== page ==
Bouclé, the French word meaning "curled" is a chunky fabric made of nubby looped fibers. The texture is created during the plying process where the fabric material is held taut while looser fibers naturally create random loops in the yarn. Historically, bouclé fabric was made of wool but these days you can find it woven from a variety of materials including cotton, linen, polyester and rayon.
The textile has been taking the design world by storm since late 2020 and picking up steam over the last year becoming the "it" fabric in the interior design world. What came back as a revived mid-century modern trend is a look that seems to have real staying power.
A favorite of iconic fashion houses and mid-century designers, namely Chanel & Vladimir Kagan, bouclé was a mark of luxury and became a staple for both couture houses and renowned furniture designers.
The rich heavy fabric was favored because of its visual texture, soft feel and ability to bring an immediate level of chic sophistication.
While you’ll probably most often see bouclé used on sculptural sofas and rounded modern chairs, these days the material is being applied to home furnishings of all shapes and sizes.
Charu Gandhi of the incredible design studio Elicyon notes:
“We are working a lot with natural materials. Bouclé, wool and linen have replaced silk and sheen fabrics. Bouclé is a beautiful fabric to work with on upholstery and really lends itself to rounder, softer furniture styles that are also popular. We are incorporating a lot of curved, sculptural pieces upholstered in rich bouclé, often in quite neutral tones, which lets the fabric speak for itself. Bouclé can also be a great fabric to use on a statement headboard and adds a fashionable note to a space.”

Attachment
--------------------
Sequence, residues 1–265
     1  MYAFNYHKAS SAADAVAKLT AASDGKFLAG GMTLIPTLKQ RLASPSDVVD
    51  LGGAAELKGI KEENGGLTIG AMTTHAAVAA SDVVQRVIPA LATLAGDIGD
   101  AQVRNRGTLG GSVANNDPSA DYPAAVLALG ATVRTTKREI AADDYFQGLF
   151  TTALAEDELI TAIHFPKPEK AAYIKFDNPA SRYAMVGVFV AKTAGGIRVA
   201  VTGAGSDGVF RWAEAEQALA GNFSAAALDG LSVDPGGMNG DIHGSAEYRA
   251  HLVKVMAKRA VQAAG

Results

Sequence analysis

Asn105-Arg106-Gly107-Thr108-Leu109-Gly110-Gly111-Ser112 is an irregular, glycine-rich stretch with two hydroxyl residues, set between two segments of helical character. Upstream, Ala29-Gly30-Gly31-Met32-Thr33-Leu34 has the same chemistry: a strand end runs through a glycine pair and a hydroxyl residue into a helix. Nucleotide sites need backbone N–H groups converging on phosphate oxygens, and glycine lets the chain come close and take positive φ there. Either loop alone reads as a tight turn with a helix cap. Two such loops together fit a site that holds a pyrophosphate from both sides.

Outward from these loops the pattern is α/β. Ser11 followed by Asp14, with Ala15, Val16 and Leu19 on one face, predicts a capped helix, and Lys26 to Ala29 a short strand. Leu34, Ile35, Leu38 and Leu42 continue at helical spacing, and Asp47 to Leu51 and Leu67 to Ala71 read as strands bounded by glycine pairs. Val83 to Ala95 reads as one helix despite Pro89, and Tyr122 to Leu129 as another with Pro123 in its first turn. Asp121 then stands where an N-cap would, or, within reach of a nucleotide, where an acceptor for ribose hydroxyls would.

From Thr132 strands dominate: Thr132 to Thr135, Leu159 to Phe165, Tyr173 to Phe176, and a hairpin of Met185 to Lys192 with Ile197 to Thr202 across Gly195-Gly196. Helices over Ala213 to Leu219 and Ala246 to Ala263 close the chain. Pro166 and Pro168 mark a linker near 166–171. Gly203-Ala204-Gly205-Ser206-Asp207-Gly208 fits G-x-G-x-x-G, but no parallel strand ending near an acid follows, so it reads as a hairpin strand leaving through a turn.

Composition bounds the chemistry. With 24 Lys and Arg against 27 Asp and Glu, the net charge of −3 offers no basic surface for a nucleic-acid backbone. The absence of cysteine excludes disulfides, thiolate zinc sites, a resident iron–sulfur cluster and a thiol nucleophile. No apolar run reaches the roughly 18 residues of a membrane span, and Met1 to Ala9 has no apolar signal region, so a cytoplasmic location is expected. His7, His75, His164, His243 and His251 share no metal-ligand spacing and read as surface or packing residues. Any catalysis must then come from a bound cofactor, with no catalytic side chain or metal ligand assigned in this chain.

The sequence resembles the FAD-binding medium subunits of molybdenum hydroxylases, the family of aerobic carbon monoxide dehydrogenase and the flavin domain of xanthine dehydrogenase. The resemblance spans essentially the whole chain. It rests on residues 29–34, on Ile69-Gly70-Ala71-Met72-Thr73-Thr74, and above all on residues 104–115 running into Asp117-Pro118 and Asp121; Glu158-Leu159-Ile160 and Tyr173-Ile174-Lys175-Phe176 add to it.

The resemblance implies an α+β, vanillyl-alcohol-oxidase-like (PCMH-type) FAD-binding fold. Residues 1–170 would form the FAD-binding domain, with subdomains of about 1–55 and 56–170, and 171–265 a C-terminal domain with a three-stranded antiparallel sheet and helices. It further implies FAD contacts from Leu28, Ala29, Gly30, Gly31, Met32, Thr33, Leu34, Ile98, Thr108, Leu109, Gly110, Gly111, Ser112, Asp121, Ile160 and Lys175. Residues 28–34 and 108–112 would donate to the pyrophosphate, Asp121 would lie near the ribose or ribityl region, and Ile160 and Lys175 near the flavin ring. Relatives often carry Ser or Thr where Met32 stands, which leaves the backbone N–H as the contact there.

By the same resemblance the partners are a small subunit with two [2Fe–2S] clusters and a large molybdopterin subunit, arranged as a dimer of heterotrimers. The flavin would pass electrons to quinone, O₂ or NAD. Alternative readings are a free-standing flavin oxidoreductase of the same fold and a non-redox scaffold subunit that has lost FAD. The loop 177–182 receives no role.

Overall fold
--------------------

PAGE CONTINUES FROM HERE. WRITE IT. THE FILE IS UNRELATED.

I best prefer bouclé in a solid color- I am partial to the very rich warm whites- and in very sleek curved shapes.
One of my favorite looks is that of a modern Parisian apartment. Nothing says French vibes like a curved white bouclé sofa in a tall-ceilinged, molding-clad apartment. Pair it with an interesting hard surface coffee table and an elaborate antique chandelier and you've got design magic.
For a more contemporary take, using bouclé in dark tones like charcoal grey or even black is a minimal modern approachI have noticed cropping up in a lot of retail stores like CB2.
As a fabric itself, it is unique in that it is extremely versatile; durable enough for large furniture pieces, sturdy yet light enough for window treatments yet soft and interesting enough for throw pillow coverings.
Furniture designers both high-end and retail level continue to produce bouclé wrapped pieces. The beloved texture even now extends to the walls with bouclé woven wallpapers perfect for creating cozy cocoon-like rooms. In fashion, the classic bouclé blazer gets re-imagined with a modern fit and even hair accessories and shoes are sporting the textured fabric.
Here is a round-up of the best in bouclé this Spring: